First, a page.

Originally Posted by Regina83
Poor Willow has calcium crystals in her urine. They want to put her on a prescription diet ( royal canin). I really hate putting her on this food since there is a lot of corn , by products and it's not a puppy based food. Does anyone know of a food I can feed her besides the prescription diet? The vet said if I can find another food that is lower in calcium I can use that instead. Any help would be greatly appreciated!!
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I am not crazy about the prescription diets either. According to this study in 2002 the hills diet is not even recommended by the The American Journal of Veterinary Research yet the vets are still recommending it. It sounds like you need a diet that is a low-purine diet not low calcium. The foods that are the lowest in purine are all full of calcium. There is a list so you can choose a food that has the right ingredients to give your dog the best chance to recover.
according to the list you might choose venison and sweet potato or rice as a low purine food.
EGGS & DAIRY PRODUCTS
Egg whites 0
Cheese 6 – 8
Cottage cheese / ricotta cheese 8 – 10
Yogurt 7 – 9
In the past, diets restricted in both protein and phosphorus were thought to reduce the risk of calcium oxalate formation. Studies found, however, that dietary phosphorus restriction increased calcium absorption and the risk of calcium oxalate formation, while higher levels of dietary protein reduced the risk of urolithiasis. Current recommendations for dogs prone to forming CaOx stones say that diets should not be restricted in protein, calcium, or phosphorus.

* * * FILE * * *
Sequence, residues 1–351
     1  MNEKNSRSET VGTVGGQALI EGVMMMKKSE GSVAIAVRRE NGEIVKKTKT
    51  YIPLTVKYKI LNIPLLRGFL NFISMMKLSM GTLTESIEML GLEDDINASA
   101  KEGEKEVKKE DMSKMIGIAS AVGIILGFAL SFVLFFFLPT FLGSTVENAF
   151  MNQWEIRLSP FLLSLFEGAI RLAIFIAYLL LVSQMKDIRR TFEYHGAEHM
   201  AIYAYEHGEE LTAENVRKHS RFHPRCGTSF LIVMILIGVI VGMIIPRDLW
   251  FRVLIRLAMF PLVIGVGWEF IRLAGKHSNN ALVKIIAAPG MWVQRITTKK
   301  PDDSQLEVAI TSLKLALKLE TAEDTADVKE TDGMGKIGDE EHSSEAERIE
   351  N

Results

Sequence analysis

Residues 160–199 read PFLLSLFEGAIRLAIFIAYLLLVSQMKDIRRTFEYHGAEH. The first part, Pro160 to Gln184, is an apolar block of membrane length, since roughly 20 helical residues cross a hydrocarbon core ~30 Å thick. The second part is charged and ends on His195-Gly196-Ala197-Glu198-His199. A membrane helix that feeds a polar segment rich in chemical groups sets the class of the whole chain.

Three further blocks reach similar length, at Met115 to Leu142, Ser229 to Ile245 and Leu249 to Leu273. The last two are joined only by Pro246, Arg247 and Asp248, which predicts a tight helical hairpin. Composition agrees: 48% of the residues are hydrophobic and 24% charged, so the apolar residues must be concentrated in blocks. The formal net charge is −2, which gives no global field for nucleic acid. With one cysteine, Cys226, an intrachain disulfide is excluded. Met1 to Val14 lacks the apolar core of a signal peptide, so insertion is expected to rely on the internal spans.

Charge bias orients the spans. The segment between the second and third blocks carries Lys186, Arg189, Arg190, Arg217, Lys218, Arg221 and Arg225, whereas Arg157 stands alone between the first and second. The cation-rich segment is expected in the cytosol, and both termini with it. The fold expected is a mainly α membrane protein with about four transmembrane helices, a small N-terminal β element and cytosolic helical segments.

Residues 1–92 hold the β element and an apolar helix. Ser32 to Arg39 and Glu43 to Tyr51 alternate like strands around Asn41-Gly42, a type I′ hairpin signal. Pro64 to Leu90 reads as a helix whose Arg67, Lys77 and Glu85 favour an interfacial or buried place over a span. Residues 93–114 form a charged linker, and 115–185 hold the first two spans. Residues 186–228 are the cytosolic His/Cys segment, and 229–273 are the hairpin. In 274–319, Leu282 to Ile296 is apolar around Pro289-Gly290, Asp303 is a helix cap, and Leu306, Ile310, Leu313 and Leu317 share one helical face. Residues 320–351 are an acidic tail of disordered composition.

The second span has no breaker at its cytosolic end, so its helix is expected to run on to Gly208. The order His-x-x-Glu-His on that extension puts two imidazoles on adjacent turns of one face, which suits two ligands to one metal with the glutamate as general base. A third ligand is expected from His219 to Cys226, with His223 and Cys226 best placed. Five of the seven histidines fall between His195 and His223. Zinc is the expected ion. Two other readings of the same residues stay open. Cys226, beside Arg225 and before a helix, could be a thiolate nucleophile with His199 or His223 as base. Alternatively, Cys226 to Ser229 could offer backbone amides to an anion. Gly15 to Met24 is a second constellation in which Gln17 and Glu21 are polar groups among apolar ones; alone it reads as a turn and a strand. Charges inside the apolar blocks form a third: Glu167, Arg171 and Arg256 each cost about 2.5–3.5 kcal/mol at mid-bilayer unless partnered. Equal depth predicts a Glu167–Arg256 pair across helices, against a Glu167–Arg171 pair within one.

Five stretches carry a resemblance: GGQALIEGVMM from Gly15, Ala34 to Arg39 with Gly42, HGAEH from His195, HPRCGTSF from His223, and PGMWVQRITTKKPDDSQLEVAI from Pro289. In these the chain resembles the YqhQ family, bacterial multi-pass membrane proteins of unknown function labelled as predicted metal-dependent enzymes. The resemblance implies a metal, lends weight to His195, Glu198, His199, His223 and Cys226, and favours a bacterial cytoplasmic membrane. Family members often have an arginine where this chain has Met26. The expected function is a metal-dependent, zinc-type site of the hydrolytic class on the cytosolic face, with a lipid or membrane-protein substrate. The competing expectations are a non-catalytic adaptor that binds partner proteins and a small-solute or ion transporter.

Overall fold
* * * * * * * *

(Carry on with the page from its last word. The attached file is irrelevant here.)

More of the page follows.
In February 2002, The American Journal of Veterinary Research published a study conducted at the University of Minnesota College of Veterinary Medicine’s Minnesota Urolith Center that compared dietary factors in canned food with the formation of calcium oxalate uroliths in dogs, with surprising results. Canned diets with the highest amount of carbohydrate were associated with an increased risk of CaOx urolith formation. Contrary to commonly accepted beliefs, the study concluded that “canned diets formulated to contain high amounts of protein, fat, calcium, phosphorus, magnesium, sodium, potassium, chloride, and moisture and a low amount of carbohydrate may minimize the risk of CaOx urolith formation in dogs.”
In contrast, both Hill’s Canine u/d and Royal Canin Urinary SO, often prescribed for dogs prone to forming CaOx stones, are extremely low in protein, and restrict calcium, phosphorus, magnesium, and potassium (Royal Canin is less restrictive than u/d). See The Side Effects of Low Protein Diets for more information. DogAware.com Articles: Urate, Cystine and Less Common Urinary Stones